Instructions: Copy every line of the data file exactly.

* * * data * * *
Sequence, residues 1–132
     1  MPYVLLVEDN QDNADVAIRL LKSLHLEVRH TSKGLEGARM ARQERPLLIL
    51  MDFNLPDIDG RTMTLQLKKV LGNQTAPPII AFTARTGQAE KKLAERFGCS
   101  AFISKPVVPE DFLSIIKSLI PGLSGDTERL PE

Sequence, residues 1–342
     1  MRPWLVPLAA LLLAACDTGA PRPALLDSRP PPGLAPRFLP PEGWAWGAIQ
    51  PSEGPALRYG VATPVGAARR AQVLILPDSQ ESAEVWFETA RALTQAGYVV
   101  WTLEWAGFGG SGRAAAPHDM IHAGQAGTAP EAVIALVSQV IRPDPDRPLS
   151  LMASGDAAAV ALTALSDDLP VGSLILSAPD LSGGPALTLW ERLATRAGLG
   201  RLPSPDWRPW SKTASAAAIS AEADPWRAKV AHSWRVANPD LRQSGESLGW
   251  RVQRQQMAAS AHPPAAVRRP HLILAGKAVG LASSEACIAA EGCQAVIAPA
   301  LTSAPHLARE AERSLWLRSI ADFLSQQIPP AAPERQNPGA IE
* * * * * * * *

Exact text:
Sequence, residues 1–132
     1  MPYVLLVEDN QDNADVAIRL LKSLHLEVRH TSKGLEGARM ARQERPLLIL
    51  MDFNLPDIDG RTMTLQLKKV LGNQTAPPII AFTARTGQAE KKLAERFGCS
   101  AFISKPVVPE DFLSIIKSLI PGLSGDTERL PE

Sequence, residues 1–342
     1  MRPWLVPLAA LLLAACDTGA PRPALLDSRP PPGLAPRFLP PEGWAWGAIQ
    51  PSEGPALRYG VATPVGAARR AQVLILPDSQ ESAEVWFETA RALTQAGYVV
   101  WTLEWAGFGG SGRAAAPHDM IHAGQAGTAP EAVIALVSQV IRPDPDRPLS
   151  LMASGDAAAV ALTALSDDLP VGSLILSAPD LSGGPALTLW ERLATRAGLG
   201  RLPSPDWRPW SKTASAAAIS AEADPWRAKV AHSWRVANPD LRQSGESLGW
   251  RVQRQQMAAS AHPPAAVRRP HLILAGKAVG LASSEACIAA EGCQAVIAPA
   301  LTSAPHLARE AERSLWLRSI ADFLSQQIPP AAPERQNPGA IE